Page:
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American History
Archiving Early America


At Archiving Early America, you will find a wealth of resources we hope are informative, instructive and entertaining.
Our main focus is primary source material from 18th Century America -- all displayed digitally. A unique array of original newspapers, maps and writings come to life on your screen just as they appeared to our forebears more than 200 years ago.
As you browse through these original documents, you will find it easier to understand America's early residents, those who shaped and created the early Republic. These archival materials-- forming as they do an historical record of a significant time in the American experience-- are displayed in their original formats so they can be read and examined close-up....in detail.
This unique resource is made available at no charge for personal use only. All of the materials found here are proprietary and protected under the copyright laws. Their use for any commercial or for-profit purpose....or their display or reproduction on any other media or format (such as another Internet site, distance learning course, an intranet or CD-ROM) is strictly prohibited and a violation of the copyright laws (see Rules of Use). However, commercial use of the images at this site or any of the images in our library is available through license. For information, please see The Early American Digital Library.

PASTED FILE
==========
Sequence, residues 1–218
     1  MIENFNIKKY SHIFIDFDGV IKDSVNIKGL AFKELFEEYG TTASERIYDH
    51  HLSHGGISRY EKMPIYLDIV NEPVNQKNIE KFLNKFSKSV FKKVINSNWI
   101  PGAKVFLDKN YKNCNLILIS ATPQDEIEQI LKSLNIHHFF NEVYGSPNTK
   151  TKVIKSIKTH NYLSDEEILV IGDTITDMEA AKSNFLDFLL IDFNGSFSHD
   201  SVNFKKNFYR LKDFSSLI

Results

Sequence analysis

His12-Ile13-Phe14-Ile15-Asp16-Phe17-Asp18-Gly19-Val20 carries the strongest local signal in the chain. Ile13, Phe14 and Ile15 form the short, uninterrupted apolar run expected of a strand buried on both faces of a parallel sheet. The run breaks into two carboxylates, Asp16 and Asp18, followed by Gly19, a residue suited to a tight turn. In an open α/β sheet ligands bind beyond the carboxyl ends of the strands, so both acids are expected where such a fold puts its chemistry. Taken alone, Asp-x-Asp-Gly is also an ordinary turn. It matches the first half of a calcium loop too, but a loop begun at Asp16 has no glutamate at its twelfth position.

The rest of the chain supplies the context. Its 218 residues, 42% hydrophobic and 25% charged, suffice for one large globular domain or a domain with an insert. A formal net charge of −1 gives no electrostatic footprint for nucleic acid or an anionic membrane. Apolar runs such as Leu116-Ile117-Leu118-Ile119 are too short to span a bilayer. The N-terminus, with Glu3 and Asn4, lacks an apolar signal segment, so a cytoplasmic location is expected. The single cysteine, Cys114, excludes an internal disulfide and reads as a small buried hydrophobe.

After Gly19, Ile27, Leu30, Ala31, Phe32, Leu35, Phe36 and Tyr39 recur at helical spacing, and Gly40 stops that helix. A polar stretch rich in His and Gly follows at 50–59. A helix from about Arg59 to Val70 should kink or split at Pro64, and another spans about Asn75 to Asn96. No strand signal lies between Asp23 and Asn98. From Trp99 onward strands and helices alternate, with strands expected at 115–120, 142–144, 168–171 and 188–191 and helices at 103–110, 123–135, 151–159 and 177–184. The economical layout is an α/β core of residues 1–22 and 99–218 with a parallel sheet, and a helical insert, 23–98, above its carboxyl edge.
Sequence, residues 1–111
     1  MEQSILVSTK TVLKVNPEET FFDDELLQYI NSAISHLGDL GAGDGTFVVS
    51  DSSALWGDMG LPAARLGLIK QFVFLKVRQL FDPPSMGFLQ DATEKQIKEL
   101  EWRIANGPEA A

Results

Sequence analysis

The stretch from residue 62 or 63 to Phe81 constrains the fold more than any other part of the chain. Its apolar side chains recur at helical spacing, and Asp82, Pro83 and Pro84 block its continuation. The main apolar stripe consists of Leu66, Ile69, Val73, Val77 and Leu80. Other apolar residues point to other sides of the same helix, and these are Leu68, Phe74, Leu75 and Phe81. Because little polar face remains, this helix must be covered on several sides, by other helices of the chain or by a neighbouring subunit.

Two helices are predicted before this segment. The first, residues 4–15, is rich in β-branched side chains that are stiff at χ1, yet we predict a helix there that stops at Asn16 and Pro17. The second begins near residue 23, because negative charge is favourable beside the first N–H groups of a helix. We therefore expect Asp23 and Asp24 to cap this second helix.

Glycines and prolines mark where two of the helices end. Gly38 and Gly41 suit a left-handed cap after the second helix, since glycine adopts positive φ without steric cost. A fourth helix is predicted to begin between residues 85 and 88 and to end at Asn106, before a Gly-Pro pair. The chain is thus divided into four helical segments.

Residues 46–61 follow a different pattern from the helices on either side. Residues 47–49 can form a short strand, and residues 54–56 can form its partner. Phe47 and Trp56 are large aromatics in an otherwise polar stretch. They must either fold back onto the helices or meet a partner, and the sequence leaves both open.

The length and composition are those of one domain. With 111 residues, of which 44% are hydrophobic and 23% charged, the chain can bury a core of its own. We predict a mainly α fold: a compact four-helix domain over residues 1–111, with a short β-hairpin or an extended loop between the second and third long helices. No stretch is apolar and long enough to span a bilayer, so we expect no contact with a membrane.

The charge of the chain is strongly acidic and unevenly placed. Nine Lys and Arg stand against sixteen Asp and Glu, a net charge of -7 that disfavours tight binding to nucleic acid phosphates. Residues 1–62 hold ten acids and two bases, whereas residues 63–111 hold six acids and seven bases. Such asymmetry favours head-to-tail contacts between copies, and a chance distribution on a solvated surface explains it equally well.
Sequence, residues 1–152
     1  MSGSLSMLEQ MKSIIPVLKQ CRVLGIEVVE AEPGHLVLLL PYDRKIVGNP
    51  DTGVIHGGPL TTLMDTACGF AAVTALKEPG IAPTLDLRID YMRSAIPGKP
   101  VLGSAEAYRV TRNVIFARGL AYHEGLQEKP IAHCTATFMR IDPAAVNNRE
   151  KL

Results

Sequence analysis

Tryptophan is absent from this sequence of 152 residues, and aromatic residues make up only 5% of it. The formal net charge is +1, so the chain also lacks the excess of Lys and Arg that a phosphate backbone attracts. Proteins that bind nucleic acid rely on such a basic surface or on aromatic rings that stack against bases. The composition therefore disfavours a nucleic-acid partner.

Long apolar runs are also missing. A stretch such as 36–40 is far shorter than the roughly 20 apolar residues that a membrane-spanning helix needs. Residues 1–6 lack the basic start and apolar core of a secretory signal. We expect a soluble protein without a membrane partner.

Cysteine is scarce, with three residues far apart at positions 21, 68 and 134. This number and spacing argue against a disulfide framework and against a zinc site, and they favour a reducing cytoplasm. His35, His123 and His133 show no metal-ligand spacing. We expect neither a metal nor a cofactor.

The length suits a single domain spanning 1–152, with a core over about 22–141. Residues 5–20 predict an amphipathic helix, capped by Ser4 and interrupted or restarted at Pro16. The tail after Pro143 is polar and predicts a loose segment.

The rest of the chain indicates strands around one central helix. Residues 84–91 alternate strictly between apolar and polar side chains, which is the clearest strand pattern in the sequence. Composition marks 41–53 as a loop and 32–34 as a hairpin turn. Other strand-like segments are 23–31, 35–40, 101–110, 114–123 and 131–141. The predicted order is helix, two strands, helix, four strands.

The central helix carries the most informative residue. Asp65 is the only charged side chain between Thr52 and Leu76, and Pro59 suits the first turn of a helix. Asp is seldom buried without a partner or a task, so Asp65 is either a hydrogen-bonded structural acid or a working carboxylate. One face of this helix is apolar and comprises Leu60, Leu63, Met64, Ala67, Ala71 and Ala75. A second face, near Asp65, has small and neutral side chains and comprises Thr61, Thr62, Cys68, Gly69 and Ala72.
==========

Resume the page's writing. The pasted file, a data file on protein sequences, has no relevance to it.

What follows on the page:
Of special interest is the Maryland Gazette containing George Washington's Journal of his historic trip to the Ohio Valley. It is the only original copy privately held. Because of its historic significance and its rarity (most Americans are unaware of its existence), the March 21 and 28, 1754 issues of The Gazette can be viewed here in their entirety-- exactly as Washington wrote it, down to the last comma, apostrophe and period. It is available in the Milestone Documents section at this site.
The availability to view these historical documents on-line 24 hours a day, literally at one's leisure, would have been considered no small miracle a few years ago. Today, this capability allows us an opportunity to see--- for the first time in many cases--- the way in which the colonists and early Americans expressed themselves...and the kinds of media they utilized in the process.
Displaying documents from America's historical past achieves the following:

1) Provides open access of historic documents to the greatest number. Private collections by definition are closed to the public, and can be seen only by family and close friends. Institutions, for a variety of reasons, all too often make their historical collections difficult, if not impossible, to access by the public-at-large.

2) Re-awakens, encourages and maintains an interest in this country's early history--- the roots of American society. Original two-century-old newspapers, maps and books that faithfully chronicle the events of the day track the beginnings of The Republic as few history books alone are able to do. These historical documents are an important adjunct to the study of early America.